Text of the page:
What Causes Neck Pain and What to Do?

Symptoms from a loss of curvature can include neck pain, headache, lack of energy, tight/spasm muscles, TMJ, dizziness, poor sleep, pins, and needles in fingers and so on. Other causes of neck pain include trauma, sports, falls, bad sleep position or the wrong pillow.
Neck Pain Dr Marinks

X-ray Testing by Dr. John Marinkovic, D.C.

As a Results based practitioner for over 25 years correcting necks and low backs, I have seen an upward trend of treating neck pain over the last few years. Doctors have referred to this as text neck. The alarming part of the trend is the age of the patient complaining of neck pain. It’s mostly the 14–40-year-old age group. One of the main factors is the increased time this age group spends with their heads bent down looking at phones and tablets. When you look down the curvature of your neck reverses (kyphotic). Looking down for brief moments is okay but prolonged time can have bad effects.  So, looking down is poor posture and will affect your normal neck curvature the more you do it. I am seeing on x-ray, an increased number of patients in the 14-40 age group that have lost the natural curve or have reversed neck curves because of this.  If I asked you to stand up and then look down with your head for 20 mins straight…your neck would hurt. The loss of curvature puts more pressure on the disc causing a bulge which can press on the nerve and cause numerous symptoms. 

Your pillow could be the bad guy too.  I have x-ray tested (while laying on them) various name brand pillows made from foam, polyester fill, shredded foam, feather/down fill and others.  Most pillows tested showed on x-ray to decrease or reverse the normal curvature.  That means the pillow is putting the neck in that looking down position.  Not good at all.  Imagine what 6-8 hours in that position would feel like.  The worst of all the pillows were the sack filled pillows. It didn’t matter if they were filled with shredded foam, rice, polyester, or feathers from the golden goose.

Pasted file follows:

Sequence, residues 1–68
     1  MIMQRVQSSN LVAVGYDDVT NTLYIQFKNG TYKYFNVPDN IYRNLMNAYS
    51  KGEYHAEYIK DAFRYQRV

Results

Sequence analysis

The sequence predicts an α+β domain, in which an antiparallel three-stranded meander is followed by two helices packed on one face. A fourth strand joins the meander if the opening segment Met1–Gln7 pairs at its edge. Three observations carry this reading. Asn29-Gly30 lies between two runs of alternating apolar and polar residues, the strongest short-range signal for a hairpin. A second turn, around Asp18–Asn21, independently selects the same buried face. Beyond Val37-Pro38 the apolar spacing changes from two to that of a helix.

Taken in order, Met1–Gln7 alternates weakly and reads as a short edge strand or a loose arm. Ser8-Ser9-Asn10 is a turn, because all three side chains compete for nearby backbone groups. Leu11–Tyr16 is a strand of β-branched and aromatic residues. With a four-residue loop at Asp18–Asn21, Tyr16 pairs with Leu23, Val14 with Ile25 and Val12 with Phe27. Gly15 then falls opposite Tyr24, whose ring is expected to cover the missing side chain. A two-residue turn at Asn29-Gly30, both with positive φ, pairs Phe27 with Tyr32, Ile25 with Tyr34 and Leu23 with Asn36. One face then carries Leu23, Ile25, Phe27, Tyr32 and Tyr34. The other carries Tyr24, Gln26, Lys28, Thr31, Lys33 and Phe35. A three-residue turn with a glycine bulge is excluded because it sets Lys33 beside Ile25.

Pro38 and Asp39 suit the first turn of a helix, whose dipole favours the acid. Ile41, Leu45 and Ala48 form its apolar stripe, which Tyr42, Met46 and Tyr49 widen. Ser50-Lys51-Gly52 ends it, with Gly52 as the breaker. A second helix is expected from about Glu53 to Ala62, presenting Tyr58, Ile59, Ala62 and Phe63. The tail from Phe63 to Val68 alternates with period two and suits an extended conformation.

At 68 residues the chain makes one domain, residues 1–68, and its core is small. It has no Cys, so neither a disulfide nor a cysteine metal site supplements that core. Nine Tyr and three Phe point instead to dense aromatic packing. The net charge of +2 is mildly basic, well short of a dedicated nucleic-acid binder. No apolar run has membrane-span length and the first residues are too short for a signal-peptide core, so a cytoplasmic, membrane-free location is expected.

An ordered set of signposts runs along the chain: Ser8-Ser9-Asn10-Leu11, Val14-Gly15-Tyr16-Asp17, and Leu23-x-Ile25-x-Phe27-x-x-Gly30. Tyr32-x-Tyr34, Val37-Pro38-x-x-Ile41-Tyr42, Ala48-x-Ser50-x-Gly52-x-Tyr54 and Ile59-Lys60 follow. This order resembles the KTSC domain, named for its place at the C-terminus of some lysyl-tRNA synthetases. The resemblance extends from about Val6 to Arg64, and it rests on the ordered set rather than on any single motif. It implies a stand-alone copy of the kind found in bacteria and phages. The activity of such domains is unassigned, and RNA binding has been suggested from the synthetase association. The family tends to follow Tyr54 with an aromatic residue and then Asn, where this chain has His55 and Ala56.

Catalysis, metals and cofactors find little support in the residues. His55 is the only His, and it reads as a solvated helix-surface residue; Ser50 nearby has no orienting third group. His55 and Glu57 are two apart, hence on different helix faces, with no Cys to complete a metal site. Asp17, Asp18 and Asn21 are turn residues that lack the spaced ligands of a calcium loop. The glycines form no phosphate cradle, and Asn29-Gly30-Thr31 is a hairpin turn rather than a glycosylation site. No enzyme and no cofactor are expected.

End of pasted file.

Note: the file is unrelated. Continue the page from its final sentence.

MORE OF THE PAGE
I recommend the following to my patients:

  1. If swelling is not present, you can use moist heat 20 mins on then 20 mins off for muscle spasm.
  2. Stay away from neck movements/positions you know cause you more pain, every time you feel pain you have just aggravated it and inflamed the area.
  3. When laying down find a position that feels comfortable to you and relax.
  4. Never sleep with your neck twisted, like laying on your stomach.
  5. Chiropractic care from an office that can correct neck curvature.
  6. Easiest way to be proactive is to invest in a pillow.  Remember we lay down for 6-8 hours a night.

Don’t Stop Here

More To Explore

woman side-sleeping on a Dr. Marinks pillow

Four Tips for a Better Night’s Sleep

Sleep is the foundation of good mental and physical health. A poor night of sleep can leave you feeling irritable, fatigued, and forgetful, among other side effects. To avoid nights of tossing and turning, use these strategies for a better night’s sleep.

Health Dr Marinks

Sleep: A Health Imperative

Chronic sleep deficiency, defined as a state of inadequate or mistimed sleep, is a growing and underappreciated determinant of health status. Sleep deprivation contributes to a number of molecular, immune, and neural changes that play a role in disease development, independent of primary sleep disorders. These changes in biological processes in response to chronic sleep deficiency may serve as etiological factors for the development and exacerbation of cardiovascular and metabolic diseases and, ultimately, a shortened lifespan. Sleep deprivation also results in significant impairments in cognitive and motor performance which increase the risk of motor vehicle crashes and work-related injuries and fatal accidents. The American Academy of Sleep Medicine and the Sleep Research Society have developed this statement to communicate to national health stakeholders the current knowledge which ties sufficient sleep and circadian alignment in adults to health.

fall a sleep dr marinks

Government of Health Goal

About 1 in 3 adults — and even more adolescents — don’t get enough sleep, which can affect their health and well-being. Healthy People 2030 focuses on helping people get enough sleep, treating sleep disorders, and decreasing drowsy driving.